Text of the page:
Why divide Jesus in two? To me, Jesus’ teachings and miracles are one. To rip apart the ‘historical’ Jesus from the passionate traditions of faith in Jesus is not wise in my book.

  3. Riff, I am not dividing Jesus into two. That was done long ago, with the first few believers. He was seen by many as a m, an itinerant teacher . Soon, and thanks mainly to Paul, who has few references to Jesus as a ordinary man, he was describes as the Messiah, a divine personage. John picked up on that and had him as some mystical entity preexisting creation. The orthodox loved that because it allowed them to monopolize on what was “The Truth” about Jesus. Very controlling.
    And absolution from sin and heaven are ideas, and as ideas, belong to any discussion of history of believers, especially Christian, but they are vacuous concepts. They have no concrete reference, nothing anyone can point to ostensively other than its residue as an idea. The ring around my coffee cup does not constitute a cup of coffee. And Wisdom was regarded as a female deity long before I was around. Check your history of religions. It was part of Jewish paganism long before JHWH started throwing his weight around. We modern day Christians, especially protestants, just haven’t made much use of her. Some scholars suggest she is the primal Holy Spirit, the female member of the Trinity. She carried a very sharp sword and had pet snakes. The male dominated hierarchy didn’t like her. They even ran her pets out of her favorite haunt, Ireland.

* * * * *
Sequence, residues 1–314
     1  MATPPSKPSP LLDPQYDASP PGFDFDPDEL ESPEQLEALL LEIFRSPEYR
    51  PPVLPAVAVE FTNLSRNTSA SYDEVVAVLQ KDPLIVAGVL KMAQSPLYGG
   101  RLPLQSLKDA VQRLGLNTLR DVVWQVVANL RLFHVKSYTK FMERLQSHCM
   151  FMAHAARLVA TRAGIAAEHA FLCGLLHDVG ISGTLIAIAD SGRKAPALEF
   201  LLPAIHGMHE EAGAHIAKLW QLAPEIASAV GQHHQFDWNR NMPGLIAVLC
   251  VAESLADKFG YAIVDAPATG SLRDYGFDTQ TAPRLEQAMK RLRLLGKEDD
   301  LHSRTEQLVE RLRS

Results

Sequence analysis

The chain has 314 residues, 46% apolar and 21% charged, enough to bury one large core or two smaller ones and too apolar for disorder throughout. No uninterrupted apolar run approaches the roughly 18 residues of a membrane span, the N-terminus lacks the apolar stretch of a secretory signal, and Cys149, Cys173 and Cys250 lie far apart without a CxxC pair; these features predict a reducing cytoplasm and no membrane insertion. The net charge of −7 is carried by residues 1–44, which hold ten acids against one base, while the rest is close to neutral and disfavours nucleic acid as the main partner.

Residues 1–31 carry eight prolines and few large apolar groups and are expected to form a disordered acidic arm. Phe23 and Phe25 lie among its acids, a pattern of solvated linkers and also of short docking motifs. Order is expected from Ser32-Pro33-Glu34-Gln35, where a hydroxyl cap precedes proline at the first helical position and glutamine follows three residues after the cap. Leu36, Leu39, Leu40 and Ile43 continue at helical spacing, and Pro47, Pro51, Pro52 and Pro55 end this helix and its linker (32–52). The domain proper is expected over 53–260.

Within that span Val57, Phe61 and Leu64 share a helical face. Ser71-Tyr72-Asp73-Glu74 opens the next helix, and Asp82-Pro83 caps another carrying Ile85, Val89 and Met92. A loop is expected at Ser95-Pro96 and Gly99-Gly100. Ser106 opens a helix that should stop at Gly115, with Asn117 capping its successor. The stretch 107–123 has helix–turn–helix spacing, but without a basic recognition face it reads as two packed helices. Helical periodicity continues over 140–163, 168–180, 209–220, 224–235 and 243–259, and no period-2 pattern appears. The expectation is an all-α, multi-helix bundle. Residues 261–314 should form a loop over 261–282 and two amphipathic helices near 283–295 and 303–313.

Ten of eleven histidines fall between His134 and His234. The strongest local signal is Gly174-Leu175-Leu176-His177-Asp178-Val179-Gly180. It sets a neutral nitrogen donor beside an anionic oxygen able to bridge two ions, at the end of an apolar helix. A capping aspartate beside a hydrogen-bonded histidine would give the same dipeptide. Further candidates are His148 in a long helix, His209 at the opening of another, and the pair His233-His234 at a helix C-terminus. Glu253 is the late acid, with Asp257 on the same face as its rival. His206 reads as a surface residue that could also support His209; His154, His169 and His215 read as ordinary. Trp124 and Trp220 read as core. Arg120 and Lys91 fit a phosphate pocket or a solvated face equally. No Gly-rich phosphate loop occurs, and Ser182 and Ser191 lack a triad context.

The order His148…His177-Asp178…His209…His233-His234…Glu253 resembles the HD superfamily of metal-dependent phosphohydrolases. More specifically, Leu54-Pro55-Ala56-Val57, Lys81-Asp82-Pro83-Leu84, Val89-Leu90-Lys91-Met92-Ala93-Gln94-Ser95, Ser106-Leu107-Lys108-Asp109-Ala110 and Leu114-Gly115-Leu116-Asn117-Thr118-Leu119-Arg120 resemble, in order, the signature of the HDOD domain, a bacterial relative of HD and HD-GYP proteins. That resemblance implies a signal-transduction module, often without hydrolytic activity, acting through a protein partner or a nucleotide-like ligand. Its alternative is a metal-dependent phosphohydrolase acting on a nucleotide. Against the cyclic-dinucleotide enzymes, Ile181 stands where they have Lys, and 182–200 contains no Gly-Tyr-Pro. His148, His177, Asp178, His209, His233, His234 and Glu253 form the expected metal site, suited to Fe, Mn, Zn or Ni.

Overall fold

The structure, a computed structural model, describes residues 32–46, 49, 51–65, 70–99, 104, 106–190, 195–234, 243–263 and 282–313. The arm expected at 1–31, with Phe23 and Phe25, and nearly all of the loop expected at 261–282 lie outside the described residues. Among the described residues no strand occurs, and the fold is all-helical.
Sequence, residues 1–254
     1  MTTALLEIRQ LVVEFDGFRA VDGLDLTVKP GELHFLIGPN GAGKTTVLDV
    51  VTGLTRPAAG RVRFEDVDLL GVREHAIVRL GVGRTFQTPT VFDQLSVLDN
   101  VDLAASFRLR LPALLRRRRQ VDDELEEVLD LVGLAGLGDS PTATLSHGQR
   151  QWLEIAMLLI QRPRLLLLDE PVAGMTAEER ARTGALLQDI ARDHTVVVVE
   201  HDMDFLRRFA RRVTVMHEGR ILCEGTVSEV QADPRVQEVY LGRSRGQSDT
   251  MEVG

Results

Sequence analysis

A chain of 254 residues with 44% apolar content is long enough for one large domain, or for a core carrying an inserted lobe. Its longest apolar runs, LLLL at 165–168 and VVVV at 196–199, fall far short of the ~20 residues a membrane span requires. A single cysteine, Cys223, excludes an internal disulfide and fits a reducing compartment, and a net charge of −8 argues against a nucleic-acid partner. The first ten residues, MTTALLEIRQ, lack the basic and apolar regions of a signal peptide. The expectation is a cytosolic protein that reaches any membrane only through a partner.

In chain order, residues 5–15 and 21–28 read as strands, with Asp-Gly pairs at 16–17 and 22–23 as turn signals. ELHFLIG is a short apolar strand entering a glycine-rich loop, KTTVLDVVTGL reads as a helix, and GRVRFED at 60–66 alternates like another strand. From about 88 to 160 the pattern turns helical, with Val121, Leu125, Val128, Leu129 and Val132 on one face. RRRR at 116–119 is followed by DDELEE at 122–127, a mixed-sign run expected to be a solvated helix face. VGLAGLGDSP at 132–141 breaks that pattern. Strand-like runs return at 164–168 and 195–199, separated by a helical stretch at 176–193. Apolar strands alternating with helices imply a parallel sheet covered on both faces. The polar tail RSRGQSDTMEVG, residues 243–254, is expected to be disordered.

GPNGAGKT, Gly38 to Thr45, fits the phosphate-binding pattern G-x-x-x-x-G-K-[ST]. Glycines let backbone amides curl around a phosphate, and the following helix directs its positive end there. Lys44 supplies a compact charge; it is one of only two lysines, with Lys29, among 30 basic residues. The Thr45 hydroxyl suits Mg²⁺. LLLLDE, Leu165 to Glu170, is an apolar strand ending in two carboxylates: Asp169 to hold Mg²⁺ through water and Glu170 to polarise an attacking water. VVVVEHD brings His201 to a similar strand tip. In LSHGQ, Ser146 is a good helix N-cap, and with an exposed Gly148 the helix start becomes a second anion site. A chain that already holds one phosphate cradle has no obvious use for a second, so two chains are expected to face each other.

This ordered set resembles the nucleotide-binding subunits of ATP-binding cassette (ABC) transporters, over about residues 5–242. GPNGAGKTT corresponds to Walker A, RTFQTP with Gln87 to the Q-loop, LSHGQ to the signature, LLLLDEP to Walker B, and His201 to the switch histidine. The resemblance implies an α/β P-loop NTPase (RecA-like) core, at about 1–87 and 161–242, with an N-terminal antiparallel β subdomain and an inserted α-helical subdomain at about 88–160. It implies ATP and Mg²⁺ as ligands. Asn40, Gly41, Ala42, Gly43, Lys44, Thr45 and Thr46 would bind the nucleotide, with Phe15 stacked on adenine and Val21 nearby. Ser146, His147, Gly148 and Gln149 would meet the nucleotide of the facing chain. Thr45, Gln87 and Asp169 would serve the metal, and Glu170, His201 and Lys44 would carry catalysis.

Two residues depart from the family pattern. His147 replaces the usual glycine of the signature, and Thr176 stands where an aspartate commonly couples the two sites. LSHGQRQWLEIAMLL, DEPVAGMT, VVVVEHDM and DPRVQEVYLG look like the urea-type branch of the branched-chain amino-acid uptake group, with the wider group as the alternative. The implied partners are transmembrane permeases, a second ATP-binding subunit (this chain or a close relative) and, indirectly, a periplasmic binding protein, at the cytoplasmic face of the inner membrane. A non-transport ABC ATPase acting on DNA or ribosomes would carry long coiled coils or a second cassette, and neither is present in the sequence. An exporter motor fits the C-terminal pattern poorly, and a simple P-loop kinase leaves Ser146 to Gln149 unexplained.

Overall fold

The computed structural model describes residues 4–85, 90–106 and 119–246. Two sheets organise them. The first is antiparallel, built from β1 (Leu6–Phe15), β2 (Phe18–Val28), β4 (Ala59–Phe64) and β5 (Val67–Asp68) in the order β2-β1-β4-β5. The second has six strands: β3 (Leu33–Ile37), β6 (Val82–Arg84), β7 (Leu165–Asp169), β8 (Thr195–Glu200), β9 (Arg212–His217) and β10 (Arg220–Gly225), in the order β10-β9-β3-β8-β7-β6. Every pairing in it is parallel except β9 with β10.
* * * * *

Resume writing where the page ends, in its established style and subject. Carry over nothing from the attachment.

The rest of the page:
4. RIFF MATTRE

    Your post does two things.

    One, it offers reference for a possible historical context of the idea of wisdom.

    (No problem there.)

    Two, it is offers a narrow framework of possible merits to foundations for the personage of Jesus Christ.

    If you are simply sharing of your personal journey investigating a man named, Jesus, no problem.

    If you are proclaiming the faith of millions of Christians to be erroneous, there’s a problem.

    Given your response to my comment, I am now of the impression you are couching your own beliefs.

    To differentiate a “discussion of history of believers” from a discussion of wisdom causes me to pause.

    Perhaps you are indirectly pointing to what you have decided to be sound (‘wise’) principles upon which to base beliefs?

    If this is true, might it not help to openly steer the conversation in this direction rather than deflect to who Jesus is, isn’t, was, or wasn’t?